GAIA argues for compulsory feline sterilisation

GAIA argues for compulsory feline sterilisation
Legalising compulsory cat sterilisation is the only way forward.© Belga

GAIA yesterday (Wednesday) saluted the initiative of the Walloon Minister for Animal Welfare, Carlo Di Antonio, in aiming to raise population awareness for the adoption of pets, which end up in animal shelters. The animal welfare charity however laments that compulsory sterilisation of every cat, or, in other words “the most significant step to resolve the issue in the long term,” was not brought up.

The number of abandoned dogs and cats is on the increase in Wallonia.

As we said yesterday, in 2015, there were 26,700 animals – principally dogs and cats – housed in shelters compared to 24,300 in 2014.

Six out of ten dogs and three-quarters of cats were found abandoned on public thoroughfares, the remainder having been brought by owners to shelters.

A proportion of these animals found a new owner – 81% of dogs but only 45% of cats. The others were either put down or, in a small proportion of cases, died naturally.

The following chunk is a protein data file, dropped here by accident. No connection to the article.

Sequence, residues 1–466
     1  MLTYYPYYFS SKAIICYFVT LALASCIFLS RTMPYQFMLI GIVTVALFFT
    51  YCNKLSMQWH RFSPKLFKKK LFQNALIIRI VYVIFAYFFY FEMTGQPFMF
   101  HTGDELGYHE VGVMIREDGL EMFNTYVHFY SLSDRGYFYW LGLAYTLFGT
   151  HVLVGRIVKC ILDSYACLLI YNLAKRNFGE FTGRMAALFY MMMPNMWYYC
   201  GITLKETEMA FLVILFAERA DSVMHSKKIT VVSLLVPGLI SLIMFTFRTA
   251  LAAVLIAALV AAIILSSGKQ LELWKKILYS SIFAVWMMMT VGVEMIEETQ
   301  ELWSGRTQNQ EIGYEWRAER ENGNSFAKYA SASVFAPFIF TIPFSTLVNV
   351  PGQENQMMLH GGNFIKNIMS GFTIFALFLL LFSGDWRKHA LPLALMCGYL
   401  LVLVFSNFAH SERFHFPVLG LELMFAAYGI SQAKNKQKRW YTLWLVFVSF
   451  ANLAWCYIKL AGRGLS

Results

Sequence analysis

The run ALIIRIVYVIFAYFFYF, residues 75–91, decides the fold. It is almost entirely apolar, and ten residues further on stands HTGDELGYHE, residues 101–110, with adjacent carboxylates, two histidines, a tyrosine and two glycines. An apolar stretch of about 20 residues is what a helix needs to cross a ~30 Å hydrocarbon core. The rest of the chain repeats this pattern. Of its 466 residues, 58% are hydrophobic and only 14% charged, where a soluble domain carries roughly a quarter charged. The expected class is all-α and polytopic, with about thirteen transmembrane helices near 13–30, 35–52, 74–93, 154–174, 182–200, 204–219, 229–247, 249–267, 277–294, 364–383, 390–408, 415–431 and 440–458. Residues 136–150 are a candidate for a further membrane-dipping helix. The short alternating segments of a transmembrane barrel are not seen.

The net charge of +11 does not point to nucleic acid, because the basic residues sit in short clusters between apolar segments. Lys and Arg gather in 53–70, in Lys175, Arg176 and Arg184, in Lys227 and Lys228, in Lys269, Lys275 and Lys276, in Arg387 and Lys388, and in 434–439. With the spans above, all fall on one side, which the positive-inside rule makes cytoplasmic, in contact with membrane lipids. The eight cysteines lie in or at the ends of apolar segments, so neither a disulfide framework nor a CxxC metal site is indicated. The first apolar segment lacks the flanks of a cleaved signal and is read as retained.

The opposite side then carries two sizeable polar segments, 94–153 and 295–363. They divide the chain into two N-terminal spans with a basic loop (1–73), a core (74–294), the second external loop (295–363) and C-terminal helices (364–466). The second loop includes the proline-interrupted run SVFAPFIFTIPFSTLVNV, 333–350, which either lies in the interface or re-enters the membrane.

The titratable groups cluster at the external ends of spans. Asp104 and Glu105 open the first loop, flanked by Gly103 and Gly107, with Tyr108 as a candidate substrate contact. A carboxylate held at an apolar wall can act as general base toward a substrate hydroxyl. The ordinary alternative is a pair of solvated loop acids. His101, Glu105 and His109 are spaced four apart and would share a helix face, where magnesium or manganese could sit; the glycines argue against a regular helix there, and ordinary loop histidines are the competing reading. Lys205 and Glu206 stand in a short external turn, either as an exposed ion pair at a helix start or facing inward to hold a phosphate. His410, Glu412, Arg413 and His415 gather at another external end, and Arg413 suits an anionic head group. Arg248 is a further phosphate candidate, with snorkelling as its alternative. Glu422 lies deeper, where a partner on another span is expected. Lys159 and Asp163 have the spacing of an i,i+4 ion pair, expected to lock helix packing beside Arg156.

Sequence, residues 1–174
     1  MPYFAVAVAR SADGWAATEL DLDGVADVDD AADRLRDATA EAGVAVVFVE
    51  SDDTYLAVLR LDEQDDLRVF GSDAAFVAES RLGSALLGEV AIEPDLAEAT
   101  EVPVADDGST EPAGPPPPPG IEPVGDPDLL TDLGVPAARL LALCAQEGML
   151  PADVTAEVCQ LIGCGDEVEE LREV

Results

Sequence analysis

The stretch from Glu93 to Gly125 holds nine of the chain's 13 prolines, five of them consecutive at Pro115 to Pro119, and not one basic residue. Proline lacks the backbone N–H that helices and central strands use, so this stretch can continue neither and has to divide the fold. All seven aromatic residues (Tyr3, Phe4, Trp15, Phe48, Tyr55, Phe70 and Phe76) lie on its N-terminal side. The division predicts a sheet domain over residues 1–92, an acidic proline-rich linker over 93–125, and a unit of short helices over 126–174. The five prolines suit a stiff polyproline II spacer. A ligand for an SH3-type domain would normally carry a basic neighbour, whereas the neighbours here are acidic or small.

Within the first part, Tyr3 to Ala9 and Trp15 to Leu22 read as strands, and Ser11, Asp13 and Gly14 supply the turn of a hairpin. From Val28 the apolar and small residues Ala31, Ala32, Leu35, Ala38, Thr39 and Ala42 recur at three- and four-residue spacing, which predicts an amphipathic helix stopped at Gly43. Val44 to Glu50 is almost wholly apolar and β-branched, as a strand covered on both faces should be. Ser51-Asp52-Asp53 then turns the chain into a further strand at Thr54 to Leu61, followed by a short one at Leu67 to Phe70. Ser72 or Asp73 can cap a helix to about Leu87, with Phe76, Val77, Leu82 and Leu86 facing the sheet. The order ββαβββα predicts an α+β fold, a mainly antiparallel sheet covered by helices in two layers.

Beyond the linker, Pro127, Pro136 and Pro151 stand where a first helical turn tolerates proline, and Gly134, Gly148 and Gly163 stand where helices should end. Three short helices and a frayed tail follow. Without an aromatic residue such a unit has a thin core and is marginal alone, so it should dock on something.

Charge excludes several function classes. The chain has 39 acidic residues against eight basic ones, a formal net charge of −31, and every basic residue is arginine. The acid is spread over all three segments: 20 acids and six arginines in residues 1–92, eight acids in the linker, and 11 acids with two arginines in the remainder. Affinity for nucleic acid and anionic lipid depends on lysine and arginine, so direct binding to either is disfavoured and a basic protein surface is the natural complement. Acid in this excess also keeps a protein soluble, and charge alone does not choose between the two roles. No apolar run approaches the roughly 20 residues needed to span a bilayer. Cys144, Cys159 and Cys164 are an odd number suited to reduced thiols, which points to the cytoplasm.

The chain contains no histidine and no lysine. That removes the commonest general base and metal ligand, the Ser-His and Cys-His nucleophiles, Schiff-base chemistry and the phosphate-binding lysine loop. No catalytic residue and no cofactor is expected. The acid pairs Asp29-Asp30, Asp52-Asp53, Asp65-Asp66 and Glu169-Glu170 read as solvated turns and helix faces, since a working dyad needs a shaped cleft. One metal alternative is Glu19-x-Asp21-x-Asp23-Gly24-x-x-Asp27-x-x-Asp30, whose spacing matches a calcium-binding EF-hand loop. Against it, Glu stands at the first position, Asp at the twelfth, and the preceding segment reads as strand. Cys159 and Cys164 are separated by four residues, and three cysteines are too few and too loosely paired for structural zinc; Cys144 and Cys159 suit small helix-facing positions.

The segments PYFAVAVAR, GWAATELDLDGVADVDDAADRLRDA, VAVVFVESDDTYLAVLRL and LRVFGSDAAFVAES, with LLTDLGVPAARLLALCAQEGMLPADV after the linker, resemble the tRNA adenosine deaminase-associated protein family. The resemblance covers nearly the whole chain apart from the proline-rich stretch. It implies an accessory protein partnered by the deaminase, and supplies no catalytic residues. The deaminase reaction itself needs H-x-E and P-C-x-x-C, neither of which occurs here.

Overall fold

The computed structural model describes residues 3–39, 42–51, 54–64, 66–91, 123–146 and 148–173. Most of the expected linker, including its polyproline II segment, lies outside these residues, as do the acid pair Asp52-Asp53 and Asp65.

GAIA considers that implementing a legal obligation, for individuals to sterilise their cats, remains the only solution to attack this problem of feline overpopulation.

The association stresses that this proposal was taken up in an statement by the Walloon Council for Animal Welfare, the Council going public on this last January.

GAIA says, “In July, Mr Di Antonio was committed to introducing this opinion into law, with a view to extending compulsory spaying to all cats from the beginning of 2017.”

The Brussels Times

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